Niki Fontenot Battles A.S.

Niki Fontenot Battles A.S.

When Niki Fontenot was 22 she first began to notice symptoms of Ankylosing Spondylitis. Over the years, after being told she had less critical afflictions such as tendonitis, she was finally diagnosed with A.S. at age 26, taking after her father who also possessed the T cell, HLA-B27, that lead to his diagnosis of A.S. as well. Since then she has had to forfeit her career and dramatically change her lifestyle to remain healthy and safe.

1. When were you diagnosed and how long have you been living with AS?
I started having aches in my left knee around 22 years old. I’d mention it to my doctor from time to time and he would pass it off as “Tendonitis”. Around age 26 I noticed that my left knee started having thousands of muscle spasms a day for 3 months solid – seriously, it would just seize and have muscle contractions all day as I worked and did my daily routines. I knew this was not normal and asked everyone I knew if they’d experienced anything similar and no one had. Finally after months of spasms, I had my doctor test me for the HLA-B27 gene that my father carries, and I was positive. From there I was referred to a rheumatologist and diagnosed with Ankylosing Spondylitis. After my left knee the tail end of my spine was the next thing to start hurting and then it went on from there.

niki1

2. How has it affected your life overall?
A.S. has greatly affected my life, the biggest being my job. At 24, I had my first management job in a very fast paced, well paying industry. I was driven to work hard and outshine everyone. I was on my way up and no one could stop me. Around the same time that my “aches” started getting more severe, my energy levels dropped drastically. I continued to push myself tirelessly, but the job became too much of a strain on my body. I would eventually come home every evening in severe pain, balled up on the couch with a heating pad or ice pack, not moving again until the morning. With things going south at work and my pain levels being so high I fell into a depression and got down to 110 lbs. Finally my family and I came to terms that I needed to slow down and take an easier job. After I changed jobs things very much improved, but my energy levels are still down and I still have to watch everything I do. My daughter is six and does not understand why I am frequently “sick” or why I “hurt” so much. It’s very hard to explain to her, but we take it day by day.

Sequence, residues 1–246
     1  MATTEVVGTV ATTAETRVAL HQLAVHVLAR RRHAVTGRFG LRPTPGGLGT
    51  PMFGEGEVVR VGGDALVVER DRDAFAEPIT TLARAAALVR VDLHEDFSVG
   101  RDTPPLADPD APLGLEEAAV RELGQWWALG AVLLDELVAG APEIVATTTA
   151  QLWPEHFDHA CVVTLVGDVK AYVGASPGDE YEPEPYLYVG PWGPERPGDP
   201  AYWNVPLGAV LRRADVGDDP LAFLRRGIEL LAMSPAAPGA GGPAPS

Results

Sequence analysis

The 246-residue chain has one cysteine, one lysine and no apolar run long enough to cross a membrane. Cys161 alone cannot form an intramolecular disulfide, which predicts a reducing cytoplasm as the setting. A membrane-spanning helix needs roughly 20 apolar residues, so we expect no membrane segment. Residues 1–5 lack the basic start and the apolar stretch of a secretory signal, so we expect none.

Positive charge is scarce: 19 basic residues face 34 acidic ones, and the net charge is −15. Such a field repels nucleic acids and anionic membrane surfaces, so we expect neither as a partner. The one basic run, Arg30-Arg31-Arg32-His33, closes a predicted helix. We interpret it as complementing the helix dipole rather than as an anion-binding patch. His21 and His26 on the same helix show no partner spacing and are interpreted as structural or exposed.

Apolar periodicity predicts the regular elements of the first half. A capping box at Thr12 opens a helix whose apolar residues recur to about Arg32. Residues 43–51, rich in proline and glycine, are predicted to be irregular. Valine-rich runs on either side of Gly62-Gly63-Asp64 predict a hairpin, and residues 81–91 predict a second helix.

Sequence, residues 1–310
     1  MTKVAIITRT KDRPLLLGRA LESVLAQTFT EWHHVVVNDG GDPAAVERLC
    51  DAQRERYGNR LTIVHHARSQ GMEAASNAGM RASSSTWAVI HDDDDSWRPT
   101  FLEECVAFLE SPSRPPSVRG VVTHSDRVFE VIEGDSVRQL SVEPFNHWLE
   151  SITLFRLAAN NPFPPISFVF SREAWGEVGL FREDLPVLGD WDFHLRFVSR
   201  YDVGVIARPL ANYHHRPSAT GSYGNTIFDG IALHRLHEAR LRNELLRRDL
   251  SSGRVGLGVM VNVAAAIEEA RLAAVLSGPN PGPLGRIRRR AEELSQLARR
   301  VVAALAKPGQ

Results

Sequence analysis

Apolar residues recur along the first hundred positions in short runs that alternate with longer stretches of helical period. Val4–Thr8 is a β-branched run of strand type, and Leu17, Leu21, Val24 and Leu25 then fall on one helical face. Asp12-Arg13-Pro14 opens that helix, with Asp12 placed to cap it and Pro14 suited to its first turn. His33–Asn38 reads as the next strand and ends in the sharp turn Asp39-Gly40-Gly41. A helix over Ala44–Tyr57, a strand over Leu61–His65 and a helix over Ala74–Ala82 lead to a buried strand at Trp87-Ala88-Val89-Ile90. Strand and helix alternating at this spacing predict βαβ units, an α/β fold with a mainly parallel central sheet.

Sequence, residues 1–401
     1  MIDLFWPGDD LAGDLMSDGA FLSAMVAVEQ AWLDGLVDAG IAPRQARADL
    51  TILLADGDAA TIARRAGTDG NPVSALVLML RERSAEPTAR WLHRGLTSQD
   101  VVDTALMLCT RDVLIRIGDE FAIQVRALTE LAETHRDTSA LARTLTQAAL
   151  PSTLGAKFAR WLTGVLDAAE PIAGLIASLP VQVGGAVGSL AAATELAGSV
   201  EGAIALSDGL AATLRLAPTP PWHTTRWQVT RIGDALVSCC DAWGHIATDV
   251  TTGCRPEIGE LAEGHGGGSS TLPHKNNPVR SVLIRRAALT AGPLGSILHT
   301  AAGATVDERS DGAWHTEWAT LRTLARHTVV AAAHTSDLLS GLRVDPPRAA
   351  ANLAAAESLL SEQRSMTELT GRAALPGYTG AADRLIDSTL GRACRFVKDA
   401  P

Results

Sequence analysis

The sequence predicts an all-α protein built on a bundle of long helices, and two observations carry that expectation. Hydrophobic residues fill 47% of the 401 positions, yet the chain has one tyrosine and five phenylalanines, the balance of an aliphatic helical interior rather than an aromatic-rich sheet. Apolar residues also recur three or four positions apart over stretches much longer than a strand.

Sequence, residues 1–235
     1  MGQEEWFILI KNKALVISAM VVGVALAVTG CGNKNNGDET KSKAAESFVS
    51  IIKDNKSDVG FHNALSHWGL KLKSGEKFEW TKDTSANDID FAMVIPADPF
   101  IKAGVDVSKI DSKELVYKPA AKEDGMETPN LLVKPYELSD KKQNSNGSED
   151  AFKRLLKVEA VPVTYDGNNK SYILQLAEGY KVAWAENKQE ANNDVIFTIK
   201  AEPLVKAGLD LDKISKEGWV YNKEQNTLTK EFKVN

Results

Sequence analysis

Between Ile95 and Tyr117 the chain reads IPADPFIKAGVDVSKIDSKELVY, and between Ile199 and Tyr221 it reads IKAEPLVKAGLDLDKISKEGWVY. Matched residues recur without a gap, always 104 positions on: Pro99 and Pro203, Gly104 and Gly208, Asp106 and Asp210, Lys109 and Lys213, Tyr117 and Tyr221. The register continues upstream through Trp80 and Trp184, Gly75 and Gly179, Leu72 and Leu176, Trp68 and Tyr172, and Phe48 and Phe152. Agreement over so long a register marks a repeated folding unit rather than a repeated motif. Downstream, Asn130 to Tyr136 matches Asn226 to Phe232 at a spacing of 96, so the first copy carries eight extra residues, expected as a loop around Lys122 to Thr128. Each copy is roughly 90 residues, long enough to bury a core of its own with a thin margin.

3. Are you still in school? Or work? Either way, how does your disease affect your day to day routine?
Because of my A.S. I have to make sure that I am in a job where I don’t have to ever lift anything, bend over, and can sometimes take “sick days”. Finding this kind of job is not easy and I am experienced in a field for eleven years now that does not support any of those things at all. So I took an easier type of job and make less money because of it, but in the long run I am healthier and happier.

4. Describe yourself. List a few personality traits.
I love to read and write! I enjoy shooting guns. I enjoy walking and nature. I am hoping to one day be able to publish a fiction book or eBook.